This is a big file so it might take some time to download.  There are 8 pages, including 6 pages of elementary level cards: keyboards, notes, vocabulary, intervals, and key signatures. If you like to print a colorful back to your game cards so they look more professional, I included that, too. Scroll through all the pages included in this file and only print what you want. If you don’t know how to print the back to the cards, check out the FAQ at the top of my blog.

However, there is a little secret to this game. It is very much like my Thanksgiving game, Chasing the Turkey.  So if you have already printed the cards to that game and you are in a hurry or want to save ink, you can use the Chasing the Turkey cards.  I made this set of cards because I like to keep the game boards and cards together so I can find them quickly.

I printed the game board on card stock and laminated it, but I did not laminate the cards. I separate the cards by level before we play. I store board games in folders with pockets that I buy on sale at the beginning of the school year. On the inside of the folder, I glue the rules of the game because I forget the rules!

One of my older students was watching his brother as we played. “Hey, you’re giving him the answers,” he said. Then he quickly said, “But I guess if you don’t, he won’t learn anything.”

“You’re exactly right,” I said. The purpose of this game is to learn, and if he doesn’t know the answer, I help him out so he will!”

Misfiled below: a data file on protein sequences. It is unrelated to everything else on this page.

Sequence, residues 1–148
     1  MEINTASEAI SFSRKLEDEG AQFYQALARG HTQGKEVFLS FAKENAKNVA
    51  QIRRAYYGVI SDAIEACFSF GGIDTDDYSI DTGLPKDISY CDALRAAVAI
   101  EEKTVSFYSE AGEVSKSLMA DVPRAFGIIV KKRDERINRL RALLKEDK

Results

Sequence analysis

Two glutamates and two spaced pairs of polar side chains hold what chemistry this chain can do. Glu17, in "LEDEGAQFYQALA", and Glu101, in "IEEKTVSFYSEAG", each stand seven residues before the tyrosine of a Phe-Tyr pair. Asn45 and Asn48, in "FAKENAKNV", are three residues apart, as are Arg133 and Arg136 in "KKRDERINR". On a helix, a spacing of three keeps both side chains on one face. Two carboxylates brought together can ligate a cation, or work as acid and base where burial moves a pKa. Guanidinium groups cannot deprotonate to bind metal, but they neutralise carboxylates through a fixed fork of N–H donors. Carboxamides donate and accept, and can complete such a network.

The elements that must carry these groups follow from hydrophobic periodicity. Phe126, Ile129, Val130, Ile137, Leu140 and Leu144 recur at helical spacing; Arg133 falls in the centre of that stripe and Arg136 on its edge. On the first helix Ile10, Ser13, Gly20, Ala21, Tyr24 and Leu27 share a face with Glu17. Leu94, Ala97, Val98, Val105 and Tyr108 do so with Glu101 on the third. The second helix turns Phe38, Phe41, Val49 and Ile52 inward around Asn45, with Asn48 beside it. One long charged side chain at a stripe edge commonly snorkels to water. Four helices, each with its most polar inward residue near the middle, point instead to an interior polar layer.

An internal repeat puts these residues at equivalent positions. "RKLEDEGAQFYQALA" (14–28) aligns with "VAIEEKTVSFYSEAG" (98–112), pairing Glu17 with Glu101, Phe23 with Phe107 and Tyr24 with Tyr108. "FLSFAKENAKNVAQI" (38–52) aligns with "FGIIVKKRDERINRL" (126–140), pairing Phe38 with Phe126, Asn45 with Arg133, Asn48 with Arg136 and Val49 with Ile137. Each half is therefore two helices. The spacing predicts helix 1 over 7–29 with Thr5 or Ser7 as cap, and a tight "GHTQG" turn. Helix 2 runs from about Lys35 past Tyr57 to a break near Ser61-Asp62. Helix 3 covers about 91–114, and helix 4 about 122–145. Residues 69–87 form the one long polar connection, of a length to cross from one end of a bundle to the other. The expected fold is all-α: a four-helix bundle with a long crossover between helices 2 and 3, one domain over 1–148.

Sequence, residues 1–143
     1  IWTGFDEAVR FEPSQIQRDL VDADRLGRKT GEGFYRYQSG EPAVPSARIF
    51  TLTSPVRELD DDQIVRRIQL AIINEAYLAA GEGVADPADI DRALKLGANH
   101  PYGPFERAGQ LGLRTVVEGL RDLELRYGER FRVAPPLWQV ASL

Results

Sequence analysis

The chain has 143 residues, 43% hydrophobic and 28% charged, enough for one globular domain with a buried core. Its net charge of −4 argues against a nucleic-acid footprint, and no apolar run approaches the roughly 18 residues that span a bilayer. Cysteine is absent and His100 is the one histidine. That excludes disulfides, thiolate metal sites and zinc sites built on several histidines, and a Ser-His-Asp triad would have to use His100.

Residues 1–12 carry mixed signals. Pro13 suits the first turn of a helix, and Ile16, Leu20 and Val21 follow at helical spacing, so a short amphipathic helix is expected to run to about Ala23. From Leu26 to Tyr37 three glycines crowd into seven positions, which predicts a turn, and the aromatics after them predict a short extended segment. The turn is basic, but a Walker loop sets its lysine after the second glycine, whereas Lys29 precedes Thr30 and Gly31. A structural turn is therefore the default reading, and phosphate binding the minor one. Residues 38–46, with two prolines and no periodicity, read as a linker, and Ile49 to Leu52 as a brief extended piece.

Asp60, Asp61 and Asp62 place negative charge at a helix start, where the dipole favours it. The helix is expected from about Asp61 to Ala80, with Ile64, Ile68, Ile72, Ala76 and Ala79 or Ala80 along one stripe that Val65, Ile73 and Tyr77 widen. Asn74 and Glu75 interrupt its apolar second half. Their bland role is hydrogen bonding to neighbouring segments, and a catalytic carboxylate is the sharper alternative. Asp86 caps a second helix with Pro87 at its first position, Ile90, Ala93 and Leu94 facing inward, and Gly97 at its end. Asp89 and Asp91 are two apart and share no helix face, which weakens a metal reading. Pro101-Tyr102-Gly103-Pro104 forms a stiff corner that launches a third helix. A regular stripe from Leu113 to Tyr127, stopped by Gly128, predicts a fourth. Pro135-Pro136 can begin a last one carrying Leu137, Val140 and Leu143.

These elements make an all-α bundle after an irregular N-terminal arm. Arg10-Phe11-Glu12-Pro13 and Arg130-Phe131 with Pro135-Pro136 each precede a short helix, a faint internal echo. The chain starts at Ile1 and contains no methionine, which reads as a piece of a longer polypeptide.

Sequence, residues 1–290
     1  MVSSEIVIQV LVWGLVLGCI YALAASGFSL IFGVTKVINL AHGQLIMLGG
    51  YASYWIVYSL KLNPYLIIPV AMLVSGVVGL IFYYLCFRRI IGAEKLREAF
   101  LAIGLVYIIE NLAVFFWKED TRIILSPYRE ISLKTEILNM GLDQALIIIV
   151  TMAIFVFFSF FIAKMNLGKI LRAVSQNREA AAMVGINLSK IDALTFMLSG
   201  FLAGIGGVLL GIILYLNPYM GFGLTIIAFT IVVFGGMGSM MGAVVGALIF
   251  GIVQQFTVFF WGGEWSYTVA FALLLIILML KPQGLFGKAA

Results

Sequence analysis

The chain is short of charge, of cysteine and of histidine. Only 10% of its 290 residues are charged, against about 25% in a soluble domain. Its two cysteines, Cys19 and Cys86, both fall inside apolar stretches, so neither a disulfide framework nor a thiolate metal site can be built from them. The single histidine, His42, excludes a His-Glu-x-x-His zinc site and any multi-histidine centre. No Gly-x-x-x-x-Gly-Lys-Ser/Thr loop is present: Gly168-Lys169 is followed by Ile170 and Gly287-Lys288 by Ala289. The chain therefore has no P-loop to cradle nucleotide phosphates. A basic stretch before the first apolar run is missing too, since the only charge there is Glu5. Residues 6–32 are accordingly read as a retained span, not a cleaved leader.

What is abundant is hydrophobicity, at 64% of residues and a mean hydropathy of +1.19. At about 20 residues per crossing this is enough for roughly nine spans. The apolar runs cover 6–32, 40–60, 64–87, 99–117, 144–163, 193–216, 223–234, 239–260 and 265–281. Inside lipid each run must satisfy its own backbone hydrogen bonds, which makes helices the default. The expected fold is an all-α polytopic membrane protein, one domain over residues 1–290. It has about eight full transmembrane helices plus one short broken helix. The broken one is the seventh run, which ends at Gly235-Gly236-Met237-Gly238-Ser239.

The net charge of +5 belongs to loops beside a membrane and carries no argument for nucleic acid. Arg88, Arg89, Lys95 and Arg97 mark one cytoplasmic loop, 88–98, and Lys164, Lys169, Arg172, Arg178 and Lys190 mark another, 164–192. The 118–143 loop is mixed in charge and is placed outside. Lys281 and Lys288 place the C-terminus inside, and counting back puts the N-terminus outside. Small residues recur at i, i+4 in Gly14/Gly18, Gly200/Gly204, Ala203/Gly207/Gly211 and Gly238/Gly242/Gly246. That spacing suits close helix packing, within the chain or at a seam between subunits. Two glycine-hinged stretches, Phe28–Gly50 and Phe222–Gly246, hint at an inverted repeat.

Objective

  • To review previously learned musical symbols, intervals, key signatures, the notes of middle C position, and some music vocabulary words.
  • To enjoy a seasonal game.

Ages

  • Grades 1-4, using the appropriate cards for the concepts students have learned.

Materials

  • Game board.
  • Cards printed with various musical symbols and terms.
  • One die.
  • On pawn for each player.

Directions

  • The game can be played with two or more players.
  • Print the game board and cut out the cards. 
  • Each player puts his token on the game board. The first player draws a card and answers the question. If he doesn’t know the answer, give him hints until he gets it correct.
  • Then he rolls the die and moves the number of spaces on the die. If he lands on a circle with instructions, he follows the instructions, such as taking a short cut, or moving back to Start.
  • The game continues in the same way with the other players.
  • When playing with a pre-school child, let him win most of the games so he will want to play again.
  • The first player to reach the Pot of Gold  is the winner.

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Filed under Games, Group lesson ideas, St. Patrick's Day, Texas State Theory Test, Theory

Celebrate! – a Birthday Game

CelebrateNoteNaming copy

Celebrate Note Naming Game

Celebrate! Note Game all started when I decided to update my New Year’s game. Then I started thinking that it would be a lot more useful if I changed it into a birthday game! What is more fun than celebrating birthdays! I’ve always wanted a game I could pull out the week of a student’s birthday. But I tested this game with my students when it wasn’t their birthday, so now I realize you can play this game anytime! Everyone likes to think about birthdays. My students helped me with the reward/penalty cards, and I hope your students enjoy them as much as mine did.

To make it easier on all my dear teacher friends, and, I have to admit, myself,  I color coded the note levels. The yellow stars are for beginners who are learning the notes in middle C position and the blue cards contain the rest of the notes on the grand staff. The green cards have the difficult ledger line notes that always cause students to stumble. So you can even use the ledger line version of this game at group lessons with your older students. Let’s face it, high school students don’t really want to play games with the teacher, but with a group it’s different.